Predator, Prey, and Puerile

The forest crawls with creatures borne from the crepuscular shroud hanging between the darkness and the light. Foxes stalk through the undergrowth, only giving themselves away with a flick of their tails as they disappear into another thicket. Those eyes you spot in the beam of your flashlight may be a raccoon, or a possum. There are cries in the distance, howls and barking that betray the presence of coyotes.

But there lurks a far more fearsome creature. One that taunts my dogs, tempting them into a fight or flight situation with breathless sprinting, tooth and fang, blood and viscera.

I am, of course, speaking of the common grey squirrel that makes its home near my own.

Pictured: A common grey asshole

My dogs discovered the squirrels soon after moving in, probably days after the squirrels made note of these new interlopers in their domain. As the squirrel makes its way across my front yard it turns its head at the sound of yowling, barking, and yes, even simpering coming from the direction of the house. Look, it thinks to itself. I've found new blood. Something to annoy that I've never annoyed before.

Dusti is my Labrador mixed with Whippet. Cosmo, her trusty companion, is a Pit Bull mixed with a Ford Elite. We, as yet, have no fence to contain them. So a few times a day I take them to the yard, strung out on a leash, and they may do those things that they need to do. Sometimes I'll hook Dusti up to a long lead we have wrapped around a tree. She's more sedate, and I'll let her wander a bit while I walk Cosmo. When I get back, I put him back inside and take her out for a stroll.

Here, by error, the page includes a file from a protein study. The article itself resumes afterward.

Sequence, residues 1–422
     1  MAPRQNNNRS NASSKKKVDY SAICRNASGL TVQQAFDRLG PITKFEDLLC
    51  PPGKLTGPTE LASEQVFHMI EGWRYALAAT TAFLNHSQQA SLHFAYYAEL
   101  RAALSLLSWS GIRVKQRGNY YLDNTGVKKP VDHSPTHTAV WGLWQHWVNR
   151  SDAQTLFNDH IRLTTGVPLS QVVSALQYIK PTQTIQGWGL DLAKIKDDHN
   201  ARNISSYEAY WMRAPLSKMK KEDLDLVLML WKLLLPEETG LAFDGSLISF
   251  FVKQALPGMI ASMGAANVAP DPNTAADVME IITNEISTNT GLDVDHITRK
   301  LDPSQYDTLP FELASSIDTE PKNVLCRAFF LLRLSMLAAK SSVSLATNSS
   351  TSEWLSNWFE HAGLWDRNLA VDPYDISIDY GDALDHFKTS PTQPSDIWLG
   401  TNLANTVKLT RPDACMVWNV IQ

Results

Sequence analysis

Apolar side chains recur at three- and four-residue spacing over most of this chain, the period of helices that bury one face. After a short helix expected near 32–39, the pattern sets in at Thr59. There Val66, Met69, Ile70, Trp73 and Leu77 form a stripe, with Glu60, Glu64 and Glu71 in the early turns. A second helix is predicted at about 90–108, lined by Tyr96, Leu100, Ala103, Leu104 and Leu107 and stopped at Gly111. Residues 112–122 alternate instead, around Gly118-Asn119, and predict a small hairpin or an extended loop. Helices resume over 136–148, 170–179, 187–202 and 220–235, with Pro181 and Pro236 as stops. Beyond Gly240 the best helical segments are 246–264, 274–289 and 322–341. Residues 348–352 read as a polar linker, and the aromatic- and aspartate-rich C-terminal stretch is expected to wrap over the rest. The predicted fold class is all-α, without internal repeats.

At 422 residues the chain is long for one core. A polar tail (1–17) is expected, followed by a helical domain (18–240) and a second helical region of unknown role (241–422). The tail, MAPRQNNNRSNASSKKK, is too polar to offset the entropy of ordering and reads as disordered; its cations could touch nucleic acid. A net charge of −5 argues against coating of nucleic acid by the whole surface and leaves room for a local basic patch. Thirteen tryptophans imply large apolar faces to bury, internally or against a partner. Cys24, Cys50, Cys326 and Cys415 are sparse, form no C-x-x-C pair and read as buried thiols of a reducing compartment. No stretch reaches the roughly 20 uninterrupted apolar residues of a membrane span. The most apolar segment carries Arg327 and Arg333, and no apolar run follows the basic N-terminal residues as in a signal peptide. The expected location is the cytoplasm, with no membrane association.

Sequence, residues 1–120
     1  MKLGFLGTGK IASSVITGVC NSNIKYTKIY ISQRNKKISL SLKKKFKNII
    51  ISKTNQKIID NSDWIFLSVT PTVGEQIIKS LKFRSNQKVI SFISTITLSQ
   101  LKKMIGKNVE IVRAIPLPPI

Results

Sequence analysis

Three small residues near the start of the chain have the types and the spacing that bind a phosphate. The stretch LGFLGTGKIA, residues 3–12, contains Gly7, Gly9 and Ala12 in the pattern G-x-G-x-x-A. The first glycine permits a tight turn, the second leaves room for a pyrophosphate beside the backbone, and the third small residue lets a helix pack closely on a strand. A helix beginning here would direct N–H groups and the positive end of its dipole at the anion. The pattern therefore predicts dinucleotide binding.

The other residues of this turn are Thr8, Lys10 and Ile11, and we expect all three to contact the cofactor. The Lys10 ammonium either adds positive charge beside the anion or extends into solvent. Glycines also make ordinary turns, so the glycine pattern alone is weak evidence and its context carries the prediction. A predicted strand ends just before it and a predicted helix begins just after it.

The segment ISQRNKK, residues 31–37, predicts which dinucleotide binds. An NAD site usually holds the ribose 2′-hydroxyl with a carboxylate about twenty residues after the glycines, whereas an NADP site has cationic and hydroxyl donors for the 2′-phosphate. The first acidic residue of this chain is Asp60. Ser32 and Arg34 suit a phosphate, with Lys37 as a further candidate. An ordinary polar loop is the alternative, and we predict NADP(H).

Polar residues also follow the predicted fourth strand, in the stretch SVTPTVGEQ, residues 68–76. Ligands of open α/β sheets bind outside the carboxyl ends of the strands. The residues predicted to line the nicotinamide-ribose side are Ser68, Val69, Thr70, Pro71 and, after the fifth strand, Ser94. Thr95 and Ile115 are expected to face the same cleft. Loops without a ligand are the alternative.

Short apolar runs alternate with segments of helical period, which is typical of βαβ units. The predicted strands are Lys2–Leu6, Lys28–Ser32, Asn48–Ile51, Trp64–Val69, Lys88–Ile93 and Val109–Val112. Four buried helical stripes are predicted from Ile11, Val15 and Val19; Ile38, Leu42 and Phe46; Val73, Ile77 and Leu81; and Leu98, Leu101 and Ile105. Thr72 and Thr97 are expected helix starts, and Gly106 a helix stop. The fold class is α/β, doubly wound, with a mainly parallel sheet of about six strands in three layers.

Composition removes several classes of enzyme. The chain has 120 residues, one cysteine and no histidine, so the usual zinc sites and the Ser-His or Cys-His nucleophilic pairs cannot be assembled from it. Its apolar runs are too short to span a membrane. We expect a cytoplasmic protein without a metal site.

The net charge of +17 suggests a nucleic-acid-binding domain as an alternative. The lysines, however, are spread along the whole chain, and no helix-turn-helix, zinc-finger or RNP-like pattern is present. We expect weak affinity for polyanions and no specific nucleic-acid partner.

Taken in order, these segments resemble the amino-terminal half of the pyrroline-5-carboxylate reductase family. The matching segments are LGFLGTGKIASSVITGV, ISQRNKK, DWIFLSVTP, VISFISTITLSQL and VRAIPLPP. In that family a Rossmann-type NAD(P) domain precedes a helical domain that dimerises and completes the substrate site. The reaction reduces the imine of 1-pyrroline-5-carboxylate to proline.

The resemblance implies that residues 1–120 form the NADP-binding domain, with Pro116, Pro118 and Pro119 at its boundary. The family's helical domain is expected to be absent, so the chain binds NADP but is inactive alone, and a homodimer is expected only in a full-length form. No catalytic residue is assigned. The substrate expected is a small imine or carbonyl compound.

Until yesterday, when she got a glimpse of her demon foe soon after I clipped her collar to the lead on the tree. She darted into the woods, a flash of black fur and ivory teeth, held back only by a cable and a Kentucky coffeetree. Her erstwhile companion and sergeant at arms straining at his own leash, grinning wide with the gay abandon of a being who desperately wants to take the life of another.

I held fast, pulling him back inside while Dusti became ever more entangled in the brush at the edge of the forest. After taking him back inside, I thanked the cosmos for my short stature as I crouched beneath briars to string the lead backwards, freeing her from the trap set by herself and a squirrel with a warped sense of humour. It was not a successful venture for the mighty hunter Dusti Springfield and her sidekick Cosmo the Barbarian.

But there will be tomorrow.

As for me, all I can bring to mind is the thought that, if these dogs do manage to catch a squirrel, then that squirrel deserved to be caught. Nothing that wild and wood-wise should ever be taken by down by these two who stalk the forests in much the same way that bricks do.

When a problem comes along
You must Whippet